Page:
The upper ends 6 of the left and right actuating levers are fitted into the longitudinal slide grooves provided on the pedal connection fittings.

The upper ends of primary and secondary connection rods 16, 17 are connected to the left and right actuating levers.

The lower ends of the primary connection rods are connected to the front ends of vertically-moved engagement/disengagement fittings 19 mounted at the rear of lower portions of main gears 18.

The lower ends of the secondary connection rods are connected to the front ends of spring-loaded crimp fittings 20.

A co-axis 14 having a circular form in cross section is mounted on the front ends of the engagement/disengagement fittings by fixing coaxial gears 15 to both ends of the co-axis.

Main wheel gears 13 are fixed to the axles of left and right main wheels 12.

The rotary axes such as the axles described above should be provided with two bearings at left and right portions to prevent the seizure around the rotary axes.

A combination of two spur gears is used for each pair of coaxial gear and main wheel gear.

The present invention is structured such that the left and right coaxial gears and main wheel gears are engaged with or disengaged from each other through the co-axis by stepping on or releasing one rudder pedal.

A description will now be given of the operation of the present invention.

1) In take-off and landing run

This case is shown in FIGS. 1 and 2.

In this case, it is not necessary to step on the rudder pedals.

When not stepping on the rudder pedals, the left and right coaxial gears and main wheel gears are pressedly fitted (engaged) to each other through the crimp fittings by the action of springs 11 or the like.

When both the gears are engaged together, an airframe makes a straight ground-run, since the left and right main wheels rotate synchronously through the co-axis to provide the same speed of rotation for the left and right main wheels.

2) In taxiing

This case is shown in FIGS. 3 to 6 (when turning the airframe right).

The left and right rudder pedals are operated in interlocking relation (connected) with a tail wheel 1, a rudder 2 and rudder cables 3.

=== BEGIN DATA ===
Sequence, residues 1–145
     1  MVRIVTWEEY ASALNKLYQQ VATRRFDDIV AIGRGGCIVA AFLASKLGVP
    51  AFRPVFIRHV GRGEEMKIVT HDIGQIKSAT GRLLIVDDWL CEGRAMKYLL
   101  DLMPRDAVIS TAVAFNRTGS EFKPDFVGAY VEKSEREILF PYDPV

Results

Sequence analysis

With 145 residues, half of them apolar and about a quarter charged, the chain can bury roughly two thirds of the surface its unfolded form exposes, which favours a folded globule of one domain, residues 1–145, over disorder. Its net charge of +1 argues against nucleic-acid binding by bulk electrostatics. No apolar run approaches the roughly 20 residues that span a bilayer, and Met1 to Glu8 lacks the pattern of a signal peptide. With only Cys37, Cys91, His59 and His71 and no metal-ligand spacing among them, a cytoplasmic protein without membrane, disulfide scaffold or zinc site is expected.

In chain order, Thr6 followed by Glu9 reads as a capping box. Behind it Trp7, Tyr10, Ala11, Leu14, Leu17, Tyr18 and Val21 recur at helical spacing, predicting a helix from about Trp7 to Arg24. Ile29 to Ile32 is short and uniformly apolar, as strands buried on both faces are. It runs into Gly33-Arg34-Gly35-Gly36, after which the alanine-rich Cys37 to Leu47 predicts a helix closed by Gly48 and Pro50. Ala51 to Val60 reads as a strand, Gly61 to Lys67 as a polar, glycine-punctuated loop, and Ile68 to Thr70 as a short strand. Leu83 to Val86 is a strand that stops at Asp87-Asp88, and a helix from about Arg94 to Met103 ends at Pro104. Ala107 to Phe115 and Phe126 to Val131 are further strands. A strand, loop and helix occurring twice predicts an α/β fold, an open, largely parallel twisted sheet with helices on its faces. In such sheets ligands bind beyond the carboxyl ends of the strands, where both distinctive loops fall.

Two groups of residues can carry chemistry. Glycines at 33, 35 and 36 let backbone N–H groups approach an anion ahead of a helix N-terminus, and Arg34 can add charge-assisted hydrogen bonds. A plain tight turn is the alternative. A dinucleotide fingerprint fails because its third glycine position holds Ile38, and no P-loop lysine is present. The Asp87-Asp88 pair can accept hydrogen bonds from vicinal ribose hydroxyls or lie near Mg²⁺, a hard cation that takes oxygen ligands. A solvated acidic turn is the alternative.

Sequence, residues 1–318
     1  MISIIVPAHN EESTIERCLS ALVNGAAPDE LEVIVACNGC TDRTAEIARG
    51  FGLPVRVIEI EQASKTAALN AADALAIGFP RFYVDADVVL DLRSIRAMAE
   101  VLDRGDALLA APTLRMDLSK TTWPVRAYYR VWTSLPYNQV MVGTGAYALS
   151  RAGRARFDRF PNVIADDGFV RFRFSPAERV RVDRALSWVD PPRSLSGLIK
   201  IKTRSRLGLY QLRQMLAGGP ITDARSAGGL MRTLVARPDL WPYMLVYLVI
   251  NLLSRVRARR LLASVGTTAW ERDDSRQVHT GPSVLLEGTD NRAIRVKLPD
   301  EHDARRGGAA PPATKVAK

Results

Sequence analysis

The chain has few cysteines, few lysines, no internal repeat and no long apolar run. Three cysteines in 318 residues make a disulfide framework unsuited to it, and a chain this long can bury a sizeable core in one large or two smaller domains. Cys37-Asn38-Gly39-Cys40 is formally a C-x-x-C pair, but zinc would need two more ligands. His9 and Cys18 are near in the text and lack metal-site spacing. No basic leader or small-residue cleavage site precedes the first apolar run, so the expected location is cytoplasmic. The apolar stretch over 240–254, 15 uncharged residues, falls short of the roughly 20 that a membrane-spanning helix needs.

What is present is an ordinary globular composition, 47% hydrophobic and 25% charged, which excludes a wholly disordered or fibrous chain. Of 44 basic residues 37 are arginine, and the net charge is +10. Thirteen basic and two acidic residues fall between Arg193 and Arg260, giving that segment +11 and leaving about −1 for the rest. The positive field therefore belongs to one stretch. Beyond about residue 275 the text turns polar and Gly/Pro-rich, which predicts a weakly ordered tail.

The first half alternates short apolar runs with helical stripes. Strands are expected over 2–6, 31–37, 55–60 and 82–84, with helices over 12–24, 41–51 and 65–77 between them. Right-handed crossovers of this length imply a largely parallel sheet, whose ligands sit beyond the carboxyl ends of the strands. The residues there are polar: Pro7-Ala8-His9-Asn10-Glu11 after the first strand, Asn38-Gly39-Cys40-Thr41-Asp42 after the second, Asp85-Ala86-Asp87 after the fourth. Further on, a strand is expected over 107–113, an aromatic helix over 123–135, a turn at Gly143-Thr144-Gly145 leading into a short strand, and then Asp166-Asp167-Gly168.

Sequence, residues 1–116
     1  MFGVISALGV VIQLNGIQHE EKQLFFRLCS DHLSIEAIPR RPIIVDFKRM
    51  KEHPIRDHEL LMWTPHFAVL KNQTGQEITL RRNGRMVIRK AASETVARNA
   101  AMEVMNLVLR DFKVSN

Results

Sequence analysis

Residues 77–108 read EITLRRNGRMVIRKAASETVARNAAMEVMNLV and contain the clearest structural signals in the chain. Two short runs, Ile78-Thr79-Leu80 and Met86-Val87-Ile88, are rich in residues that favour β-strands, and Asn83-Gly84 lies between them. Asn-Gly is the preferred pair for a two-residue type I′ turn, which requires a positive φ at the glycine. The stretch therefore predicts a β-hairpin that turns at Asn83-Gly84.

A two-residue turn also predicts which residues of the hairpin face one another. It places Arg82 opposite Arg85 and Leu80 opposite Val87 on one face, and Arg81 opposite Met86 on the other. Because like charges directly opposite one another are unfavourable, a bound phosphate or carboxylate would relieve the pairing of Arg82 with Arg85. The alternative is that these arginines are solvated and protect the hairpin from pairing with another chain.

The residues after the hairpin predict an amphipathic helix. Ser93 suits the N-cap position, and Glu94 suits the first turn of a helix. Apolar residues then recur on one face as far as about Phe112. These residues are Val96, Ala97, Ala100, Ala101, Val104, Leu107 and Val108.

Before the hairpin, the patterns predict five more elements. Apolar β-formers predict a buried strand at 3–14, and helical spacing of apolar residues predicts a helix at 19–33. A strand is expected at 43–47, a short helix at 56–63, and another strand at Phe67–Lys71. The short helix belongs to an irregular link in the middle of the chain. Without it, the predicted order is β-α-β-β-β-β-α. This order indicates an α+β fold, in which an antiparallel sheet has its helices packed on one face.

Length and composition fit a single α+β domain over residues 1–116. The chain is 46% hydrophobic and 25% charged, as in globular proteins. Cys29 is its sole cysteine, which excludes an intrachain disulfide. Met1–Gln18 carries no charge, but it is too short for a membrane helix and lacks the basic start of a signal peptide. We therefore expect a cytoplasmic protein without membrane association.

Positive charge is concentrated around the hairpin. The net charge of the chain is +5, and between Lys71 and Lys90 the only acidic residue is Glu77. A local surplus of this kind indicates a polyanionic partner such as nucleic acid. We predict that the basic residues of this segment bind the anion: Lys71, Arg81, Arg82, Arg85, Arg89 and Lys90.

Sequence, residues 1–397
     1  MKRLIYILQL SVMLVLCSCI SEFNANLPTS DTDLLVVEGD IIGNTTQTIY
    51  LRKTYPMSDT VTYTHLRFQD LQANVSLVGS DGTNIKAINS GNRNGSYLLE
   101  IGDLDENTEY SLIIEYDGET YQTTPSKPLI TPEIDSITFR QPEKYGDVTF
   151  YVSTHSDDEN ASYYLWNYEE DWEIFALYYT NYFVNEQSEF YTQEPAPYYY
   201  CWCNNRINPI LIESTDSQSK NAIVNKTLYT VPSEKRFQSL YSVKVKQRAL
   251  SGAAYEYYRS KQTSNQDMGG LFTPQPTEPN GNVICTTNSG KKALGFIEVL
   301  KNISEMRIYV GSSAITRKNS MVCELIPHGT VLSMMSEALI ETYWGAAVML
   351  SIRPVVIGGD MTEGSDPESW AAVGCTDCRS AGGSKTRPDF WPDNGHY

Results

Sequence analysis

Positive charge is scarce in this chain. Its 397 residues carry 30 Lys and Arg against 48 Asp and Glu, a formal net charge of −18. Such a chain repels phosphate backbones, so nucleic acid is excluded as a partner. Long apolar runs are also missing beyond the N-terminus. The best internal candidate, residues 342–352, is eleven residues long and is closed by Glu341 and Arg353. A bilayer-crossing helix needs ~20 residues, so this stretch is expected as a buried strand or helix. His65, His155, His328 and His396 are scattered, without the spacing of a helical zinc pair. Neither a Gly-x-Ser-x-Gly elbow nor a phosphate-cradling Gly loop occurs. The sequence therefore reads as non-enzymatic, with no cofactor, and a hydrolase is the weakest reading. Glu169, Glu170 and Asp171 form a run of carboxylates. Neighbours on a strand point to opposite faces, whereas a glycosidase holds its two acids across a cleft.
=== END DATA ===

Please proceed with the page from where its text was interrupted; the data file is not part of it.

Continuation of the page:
When stepping on the right rudder pedal, one pedal connection fitting connected to the right rudder pedal is advanced (in this case, the wire mounted on the rear end of the pedal connection fitting is not loosened).

The upper end of the actuating lever joined to the pedal connection fitting is pulled by the pedal connection fitting, and then also advanced.

On the other hand, the left rudder pedal opposite to the right rudder pedal is pulled by the rudder cables connected to the left rudder pedal, and then reversely retreated, and the pedal connection fitting connected to the left rudder pedal is also retreated.

Under this operation, the lower end of the actuating lever is pulled by the wire mounted on the rear end of the pedal connection fitting, and then also retreated. The upper end of the actuating lever united with the lower end of the retreated actuating lever is reversely advanced.

Under a series of these operations, the upper ends of the left and right actuating levers are always advanced when stepping on the right or left rudder pedal.

The operation of stepping on the right or left rudder pedal allows the primary and secondary connection rods connected to the left and right actuating levers to be pulled upwards, and the left and right engagement/disengagement fittings are also moved upwards.

The co-axis mounted on the engagement/disengagement fittings is also moved upwards in interlocking relation with the engagement/disengagement fittings.

Under this operation, the left and right coaxial gears and main wheel gears are disengaged from each other, and as a result, the left and right main wheels rotate independently. Thus, the airframe is easily turned right or left in taxiing.

One of the advantages of the present mechanism is that the upper ends of the left and right actuating levers are always advanced by stepping on one rudder pedal.

Accordingly, it is a great convenience that the coaxial gears and the main wheel gears operated in interlocking relation with the upper ends of the left and right actuating levers are simultaneously disengaged from each other on the left and right sides.

If this mechanism is structured such that only one gear is moved to be apart from the other gear, the other gear is becomes worn unevenly to develop troubles or the like, or lead to accidents in some cases.

According to the present invention, inclusive of those which will be described later, the left and right coaxial gears and main wheel gears (or connection gears) are structured to be simultaneously disengaged from each other.